Our Irish Women
The Inaugural Meeting of the Moylough branch of the Apostolic Work was held in Moylough Parochial Hall on the 12th October 1965.
Moylough Heritage Society
Apostolic Work Ireland was founded in Belfast in 1923 at a time when missionary work and religion were flourishing in Europe. The main objective of the association was “To share in the missionary apostolate of the Church by prayer, and by supplying material and financial aid in those areas where the Church is not yet fully established. To sanctify members’ lives by their participation in Apostolic Work”. Its aim was to offer Masses, Prayers, Holy Hours, and Holy Communion as spiritual gifts for the missions. Material gifts were presented in the form of vestments, Mass gifts and sacred vessels. Funding for the association was sourced from donations, fundraising and subscriptions.
It was a further forty two years later, on the 12th October 1965, that the Inaugural Meeting of a branch of the Apostolic Work was held in Moylough Parochial Hall. This meeting was attended by Very Rev. T.Murphy PP and fourteen ladies from the parish. Four ladies from the central office in Castlebar also attended on the night to help establish the group and to outline its aims and objectives. They had with them a presentation of albs, altar cloths, chasubles, First Communion dresses, socks for priests and various other knitted garments for babies and children. All were finished to a very high standard. The new group were left in no doubt that only impeccably finished work was acceptable. This policy has remained within the organisation to this day,“What is not good enough for God at home, is not good enough for him in Africa” words of Fr. Rross, a Mill Hill missionary priest at a founding meeting in 1923.
Moylough Branch of Apostolic Work
The Moylough branch, under the guidance of its first officers, President – Mrs McNamara, Vice President, Mrs Doyle, Treasurer, Miss O’Malley, Accounts Mistress, Mrs Mitchell, Secretary, Mrs Gallagher set about their work with great enthusiasm and pride and began what was for many a lifelong devotion to the missions through their prayers, sewing and knitting. The Castlebar office provided the rule books, patterns, and materials including cloth, cotton thread, wool and winceyette. Using these materials the ladies handmade children’s pinafore dresses, little pants, tea shirts, night dresses, knitted jumpers and socks. They also made vestments, alter cloths, small linen, stoles and chalbs. They hemmed the braid on stoles front and back, and on the vestments in the shape of a cross. Finished goods were then sent back to the Tuam diocese’s headquarters in Castlebar and posted to the missions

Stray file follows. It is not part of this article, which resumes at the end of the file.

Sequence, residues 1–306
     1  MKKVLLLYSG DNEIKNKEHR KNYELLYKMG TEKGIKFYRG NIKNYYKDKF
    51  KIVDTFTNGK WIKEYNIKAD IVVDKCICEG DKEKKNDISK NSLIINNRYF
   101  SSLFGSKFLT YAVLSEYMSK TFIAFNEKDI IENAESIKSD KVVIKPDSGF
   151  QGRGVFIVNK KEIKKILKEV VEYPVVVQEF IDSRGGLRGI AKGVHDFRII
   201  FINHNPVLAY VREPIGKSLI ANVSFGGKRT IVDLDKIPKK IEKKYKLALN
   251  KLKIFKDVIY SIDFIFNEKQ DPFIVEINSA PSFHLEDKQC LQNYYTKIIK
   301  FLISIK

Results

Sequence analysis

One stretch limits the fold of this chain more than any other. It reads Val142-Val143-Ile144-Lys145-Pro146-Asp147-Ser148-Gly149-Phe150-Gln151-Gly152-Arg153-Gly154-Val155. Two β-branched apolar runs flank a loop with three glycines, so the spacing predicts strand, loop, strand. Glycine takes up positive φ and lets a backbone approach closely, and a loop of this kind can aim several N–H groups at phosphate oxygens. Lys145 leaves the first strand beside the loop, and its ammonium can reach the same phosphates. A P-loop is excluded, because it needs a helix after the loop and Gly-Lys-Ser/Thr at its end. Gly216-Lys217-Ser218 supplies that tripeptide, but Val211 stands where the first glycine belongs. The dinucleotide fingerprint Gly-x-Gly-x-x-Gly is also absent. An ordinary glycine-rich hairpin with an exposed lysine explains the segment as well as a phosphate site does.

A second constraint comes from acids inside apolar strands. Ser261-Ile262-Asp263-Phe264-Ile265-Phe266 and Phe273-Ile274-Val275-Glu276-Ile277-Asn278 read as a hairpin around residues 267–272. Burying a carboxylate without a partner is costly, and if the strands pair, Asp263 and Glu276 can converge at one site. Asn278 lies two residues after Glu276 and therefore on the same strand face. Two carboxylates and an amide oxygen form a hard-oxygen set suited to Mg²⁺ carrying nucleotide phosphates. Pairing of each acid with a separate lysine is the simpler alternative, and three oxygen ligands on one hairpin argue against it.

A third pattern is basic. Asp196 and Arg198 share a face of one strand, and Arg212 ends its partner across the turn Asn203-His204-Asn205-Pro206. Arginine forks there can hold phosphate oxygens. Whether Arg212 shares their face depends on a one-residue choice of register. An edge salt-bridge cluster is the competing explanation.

All of this work was very often done late in to the night. The ladies worked diligently and quietly in their own homes always after having done a hard day’s work of cooking cleaning and caring for the family as well as either helping run a family business or tending to animals and helping with farm work. They produced impeccable goods knowing full well it would be returned for ripping should something be noticed during the inspection.
Sale of work
Every Christmas a sale of work took place in the Parochial Hall. Here people could purchase items, all lovingly made by the very gifted ladies of the parish. The proceeds of the day were also sent to the Missions. Another annual sale of work and Mass took place in Castlebar to which affiliated branches were invited.
Apostolic work in Moylough continued until the 1990’s when it was no longer economical to buy materials or to fund the postage of parcels to the missions.
We are indebted to Mrs Anne Ryan, Trasternagh, and Mrs Peg Fanning, Moylough, Moylough branch of Apostolic Work and to Mrs Mary O’Connor, National President of Apostolic Ireland for their help and support with this article. The work of this society is being celebrated as part of Our Irish Women Exhibition at the National Museum of Ireland, Country Life, Castlebar